Esther 1:10-22 – Respect Others

Read Esther 1:10-22

Do you feel sorry for the queen? Did you find it surprising she was banned from the kingdom for not being obedient to her husband’s request? Or maybe you are applauding the king’s actions? I’m not sure how I feel. Surprised, I suppose. After such generosity, the king didn’t give his wife a chance. Well, he did have some help in coming to that decision. He was the king after all.

I do wonder if Queen Vashti wished she could rethink her decision to blow off the king’s request. She was probably aware that when he had had some wine he was not the same man as he otherwise was. Was that a good enough reason to ignore his command? Or perhaps she was just a headstrong woman who was having fun with her women subjects at their own party. Whatever her side of the story was, she wasn’t being obedient. There were appearances to keep and a price to pay.

Precisely. Appearances. If women got wind of the queen’s independence, there could be a shift in power and respect. The king and his advisers could not allow that. Women, even today, are still lamenting their inequality. Some cultures are more rigid than others in the separation of the sexes.

There can be no denying that men and women are different. We think differently. We see the same situation differently. We react differently. There are physical differences to be sure. Rather than be so bent on being the same, I believe we should embrace our differences and seek mutual respect.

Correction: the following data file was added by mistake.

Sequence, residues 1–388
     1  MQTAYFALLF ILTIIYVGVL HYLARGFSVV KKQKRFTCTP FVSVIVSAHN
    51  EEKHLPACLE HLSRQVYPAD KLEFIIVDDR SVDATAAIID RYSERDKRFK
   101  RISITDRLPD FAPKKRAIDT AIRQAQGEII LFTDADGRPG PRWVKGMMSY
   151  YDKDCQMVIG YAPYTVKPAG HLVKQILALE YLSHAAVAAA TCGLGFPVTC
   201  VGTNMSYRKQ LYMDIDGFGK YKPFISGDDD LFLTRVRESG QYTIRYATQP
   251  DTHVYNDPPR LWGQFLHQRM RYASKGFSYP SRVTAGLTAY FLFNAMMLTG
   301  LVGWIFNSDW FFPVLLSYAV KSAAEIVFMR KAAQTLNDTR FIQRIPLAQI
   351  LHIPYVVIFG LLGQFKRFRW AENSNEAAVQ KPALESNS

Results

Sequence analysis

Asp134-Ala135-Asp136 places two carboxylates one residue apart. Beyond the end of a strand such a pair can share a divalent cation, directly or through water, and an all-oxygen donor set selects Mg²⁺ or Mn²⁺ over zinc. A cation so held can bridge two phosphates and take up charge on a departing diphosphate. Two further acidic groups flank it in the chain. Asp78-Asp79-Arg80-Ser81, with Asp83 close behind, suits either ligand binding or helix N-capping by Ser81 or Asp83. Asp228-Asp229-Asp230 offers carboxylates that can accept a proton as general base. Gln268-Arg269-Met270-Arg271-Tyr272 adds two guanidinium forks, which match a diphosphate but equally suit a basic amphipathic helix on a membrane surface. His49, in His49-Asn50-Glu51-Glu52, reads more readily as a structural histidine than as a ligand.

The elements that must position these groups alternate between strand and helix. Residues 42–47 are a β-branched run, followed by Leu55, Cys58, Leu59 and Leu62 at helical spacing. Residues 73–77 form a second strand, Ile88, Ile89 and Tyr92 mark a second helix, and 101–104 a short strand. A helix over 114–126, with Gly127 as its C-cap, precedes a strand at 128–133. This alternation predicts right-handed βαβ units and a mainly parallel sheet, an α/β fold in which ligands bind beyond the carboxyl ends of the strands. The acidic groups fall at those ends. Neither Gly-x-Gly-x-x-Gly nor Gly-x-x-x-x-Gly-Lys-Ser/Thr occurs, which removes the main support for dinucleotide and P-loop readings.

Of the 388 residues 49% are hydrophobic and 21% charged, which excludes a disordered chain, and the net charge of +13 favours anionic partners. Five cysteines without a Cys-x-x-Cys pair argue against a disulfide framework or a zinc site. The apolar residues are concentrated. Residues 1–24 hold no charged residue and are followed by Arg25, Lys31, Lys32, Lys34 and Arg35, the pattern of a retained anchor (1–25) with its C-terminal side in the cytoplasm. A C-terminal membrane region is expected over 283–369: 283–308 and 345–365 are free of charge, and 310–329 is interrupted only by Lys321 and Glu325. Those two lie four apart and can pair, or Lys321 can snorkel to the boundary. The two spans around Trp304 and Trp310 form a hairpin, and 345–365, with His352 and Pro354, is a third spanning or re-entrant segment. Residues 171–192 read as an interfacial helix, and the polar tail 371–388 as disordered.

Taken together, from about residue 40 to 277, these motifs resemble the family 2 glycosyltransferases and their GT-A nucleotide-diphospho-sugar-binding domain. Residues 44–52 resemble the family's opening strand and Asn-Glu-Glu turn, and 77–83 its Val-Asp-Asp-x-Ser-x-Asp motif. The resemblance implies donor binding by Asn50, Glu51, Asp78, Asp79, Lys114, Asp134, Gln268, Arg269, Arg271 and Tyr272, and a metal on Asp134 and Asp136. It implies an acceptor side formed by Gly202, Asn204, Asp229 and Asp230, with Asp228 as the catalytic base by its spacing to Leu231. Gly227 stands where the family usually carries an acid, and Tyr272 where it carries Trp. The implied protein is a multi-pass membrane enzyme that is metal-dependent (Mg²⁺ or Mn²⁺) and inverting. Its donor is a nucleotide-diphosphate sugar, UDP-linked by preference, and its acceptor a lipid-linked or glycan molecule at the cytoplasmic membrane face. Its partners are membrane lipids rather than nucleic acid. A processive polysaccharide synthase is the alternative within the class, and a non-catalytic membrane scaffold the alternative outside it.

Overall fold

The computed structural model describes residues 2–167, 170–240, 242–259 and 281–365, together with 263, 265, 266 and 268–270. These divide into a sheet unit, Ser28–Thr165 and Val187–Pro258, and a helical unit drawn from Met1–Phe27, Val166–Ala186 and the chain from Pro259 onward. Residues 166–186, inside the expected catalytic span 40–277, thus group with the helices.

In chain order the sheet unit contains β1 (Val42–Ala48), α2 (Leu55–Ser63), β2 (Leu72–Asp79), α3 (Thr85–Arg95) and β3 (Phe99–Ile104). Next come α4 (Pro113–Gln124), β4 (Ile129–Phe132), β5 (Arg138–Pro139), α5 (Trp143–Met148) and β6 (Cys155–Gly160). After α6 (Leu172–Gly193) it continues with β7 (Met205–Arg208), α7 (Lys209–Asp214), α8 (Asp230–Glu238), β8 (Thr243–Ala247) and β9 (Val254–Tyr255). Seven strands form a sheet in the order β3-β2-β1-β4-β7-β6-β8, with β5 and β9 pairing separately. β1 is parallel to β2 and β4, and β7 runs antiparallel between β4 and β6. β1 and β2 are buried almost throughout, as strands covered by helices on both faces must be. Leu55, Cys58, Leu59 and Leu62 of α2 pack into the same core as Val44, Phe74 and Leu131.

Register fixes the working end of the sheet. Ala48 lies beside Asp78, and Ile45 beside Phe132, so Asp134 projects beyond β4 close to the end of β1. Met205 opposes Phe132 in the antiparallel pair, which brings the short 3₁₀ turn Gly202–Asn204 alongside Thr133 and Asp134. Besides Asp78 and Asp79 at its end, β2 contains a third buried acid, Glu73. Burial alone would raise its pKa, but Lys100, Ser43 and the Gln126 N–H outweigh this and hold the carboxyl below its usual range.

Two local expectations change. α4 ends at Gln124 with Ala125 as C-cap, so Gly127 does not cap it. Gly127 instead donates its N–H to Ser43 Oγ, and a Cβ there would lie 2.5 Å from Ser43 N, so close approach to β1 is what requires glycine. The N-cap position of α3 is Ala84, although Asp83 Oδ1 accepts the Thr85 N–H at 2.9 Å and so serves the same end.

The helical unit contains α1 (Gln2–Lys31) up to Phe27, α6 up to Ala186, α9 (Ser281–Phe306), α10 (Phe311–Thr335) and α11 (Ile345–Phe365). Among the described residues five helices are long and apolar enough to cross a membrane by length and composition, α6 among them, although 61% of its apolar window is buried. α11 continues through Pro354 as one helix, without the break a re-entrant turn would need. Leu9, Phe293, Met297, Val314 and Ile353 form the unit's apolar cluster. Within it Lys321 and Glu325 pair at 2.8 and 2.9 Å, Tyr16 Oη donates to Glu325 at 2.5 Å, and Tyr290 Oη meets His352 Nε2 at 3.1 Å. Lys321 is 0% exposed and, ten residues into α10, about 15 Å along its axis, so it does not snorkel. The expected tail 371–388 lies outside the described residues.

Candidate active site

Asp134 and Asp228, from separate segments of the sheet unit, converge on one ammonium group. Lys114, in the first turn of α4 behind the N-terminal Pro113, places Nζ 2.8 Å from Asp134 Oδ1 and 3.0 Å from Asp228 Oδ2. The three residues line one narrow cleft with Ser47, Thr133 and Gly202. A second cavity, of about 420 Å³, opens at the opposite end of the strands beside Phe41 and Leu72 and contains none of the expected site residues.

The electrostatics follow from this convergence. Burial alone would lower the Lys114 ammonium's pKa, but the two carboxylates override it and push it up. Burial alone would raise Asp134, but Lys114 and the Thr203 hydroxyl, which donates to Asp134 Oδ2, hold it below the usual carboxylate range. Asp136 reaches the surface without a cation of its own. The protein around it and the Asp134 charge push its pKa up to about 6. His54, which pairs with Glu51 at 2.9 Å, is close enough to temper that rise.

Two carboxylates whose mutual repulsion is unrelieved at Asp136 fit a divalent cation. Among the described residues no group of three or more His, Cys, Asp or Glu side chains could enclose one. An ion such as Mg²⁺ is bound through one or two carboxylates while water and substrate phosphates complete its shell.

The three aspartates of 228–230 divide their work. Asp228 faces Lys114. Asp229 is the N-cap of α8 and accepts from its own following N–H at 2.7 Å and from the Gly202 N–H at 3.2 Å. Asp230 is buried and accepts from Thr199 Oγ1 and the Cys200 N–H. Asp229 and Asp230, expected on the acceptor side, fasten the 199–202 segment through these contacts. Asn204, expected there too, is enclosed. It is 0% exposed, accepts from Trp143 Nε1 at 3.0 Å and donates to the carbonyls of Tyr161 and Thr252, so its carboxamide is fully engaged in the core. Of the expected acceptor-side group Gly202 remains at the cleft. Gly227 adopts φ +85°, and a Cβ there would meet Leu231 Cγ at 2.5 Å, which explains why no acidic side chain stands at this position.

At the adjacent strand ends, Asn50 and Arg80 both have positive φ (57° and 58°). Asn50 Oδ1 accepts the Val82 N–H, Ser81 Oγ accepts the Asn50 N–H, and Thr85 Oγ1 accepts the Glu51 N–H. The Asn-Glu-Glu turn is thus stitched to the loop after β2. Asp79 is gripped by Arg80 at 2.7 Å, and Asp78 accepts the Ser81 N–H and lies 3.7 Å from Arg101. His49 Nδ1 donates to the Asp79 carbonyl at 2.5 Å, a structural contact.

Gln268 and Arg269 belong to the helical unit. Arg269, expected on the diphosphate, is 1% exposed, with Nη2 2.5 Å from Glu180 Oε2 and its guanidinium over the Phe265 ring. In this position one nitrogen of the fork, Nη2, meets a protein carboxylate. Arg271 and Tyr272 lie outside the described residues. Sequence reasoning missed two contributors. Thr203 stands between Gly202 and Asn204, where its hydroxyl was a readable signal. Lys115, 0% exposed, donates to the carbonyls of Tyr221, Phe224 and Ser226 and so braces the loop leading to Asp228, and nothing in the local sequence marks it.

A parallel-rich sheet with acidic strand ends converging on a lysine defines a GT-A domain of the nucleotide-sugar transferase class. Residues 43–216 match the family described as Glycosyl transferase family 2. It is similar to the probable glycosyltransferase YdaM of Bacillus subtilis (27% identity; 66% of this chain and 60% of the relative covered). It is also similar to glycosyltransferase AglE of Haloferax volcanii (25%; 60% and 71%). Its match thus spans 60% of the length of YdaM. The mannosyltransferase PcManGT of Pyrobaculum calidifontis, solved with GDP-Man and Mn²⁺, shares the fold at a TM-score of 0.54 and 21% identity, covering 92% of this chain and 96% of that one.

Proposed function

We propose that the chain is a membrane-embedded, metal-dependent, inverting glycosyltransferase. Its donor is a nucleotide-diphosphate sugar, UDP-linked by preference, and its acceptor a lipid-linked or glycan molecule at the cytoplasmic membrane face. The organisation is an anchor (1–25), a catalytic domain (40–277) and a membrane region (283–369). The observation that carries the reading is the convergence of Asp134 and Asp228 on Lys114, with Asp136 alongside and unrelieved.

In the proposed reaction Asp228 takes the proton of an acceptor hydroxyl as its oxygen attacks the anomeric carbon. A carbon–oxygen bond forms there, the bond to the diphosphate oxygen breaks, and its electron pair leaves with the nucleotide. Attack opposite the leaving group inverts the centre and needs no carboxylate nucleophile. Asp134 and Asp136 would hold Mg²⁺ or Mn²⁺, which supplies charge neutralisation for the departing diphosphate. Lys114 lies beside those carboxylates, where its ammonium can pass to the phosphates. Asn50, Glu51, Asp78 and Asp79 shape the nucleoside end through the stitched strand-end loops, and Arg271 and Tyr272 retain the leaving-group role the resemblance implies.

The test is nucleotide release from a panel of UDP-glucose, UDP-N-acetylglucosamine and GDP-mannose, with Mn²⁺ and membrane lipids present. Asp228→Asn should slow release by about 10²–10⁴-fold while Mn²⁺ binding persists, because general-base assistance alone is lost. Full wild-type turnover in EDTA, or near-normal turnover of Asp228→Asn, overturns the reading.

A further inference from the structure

While it appears from this story that the men wanted to be respected, it is unclear whether the men felt a similar respect to women. What is clear is that the beauty of women was what was treasured. What about women who are not particularly attractive, have a few extra pounds, or didn’t do their make up just right? Were they not worthy of admiration?

Again, I’d like to say the bottom line here is respect. We need to respect others. We can respect their boundaries, their achievements, their integrity, their beauty, their intelligence, their emotion, their personality, etc. Why can that be so hard? It isn’t really. It comes down to what we know, our mindset, our habits, our tradition.

If we stay locked in the past where women and children were to be seen and not heard, it’s a tragedy. We can learn so much from each other’s perspective. When we truly respect another human being for being who they are, the world has to be a better place. Don’t you agree?

But what about evil people? They certainly don’t deserve our respect, do they? Their actions don’t, certainly. But actions don’t make the person. Something in their life, an association, an event, a weakness, has led them to those less than acceptable actions. Maybe they need to change to earn our respect, but they certainly should not be banished from the chance at redemption.

Take some time today to think about people who are being abused, marginalized, and treated without respect. They are people. God loves them just the same as he loves you and me. Don’t they deserve our respect, too?

Let’s pray. Lord, so much of what goes on around us comes back to “keeping up appearances.” I try each day to be best I can be. I know I fall short of your desires for me. Yet you love me still. Help me to be more welcoming and loving to others who may not have it all together. I certainly don’t. I wish that respecting others would be more of a desire on my heart and for others as well. In Jesus’ name. Amen.

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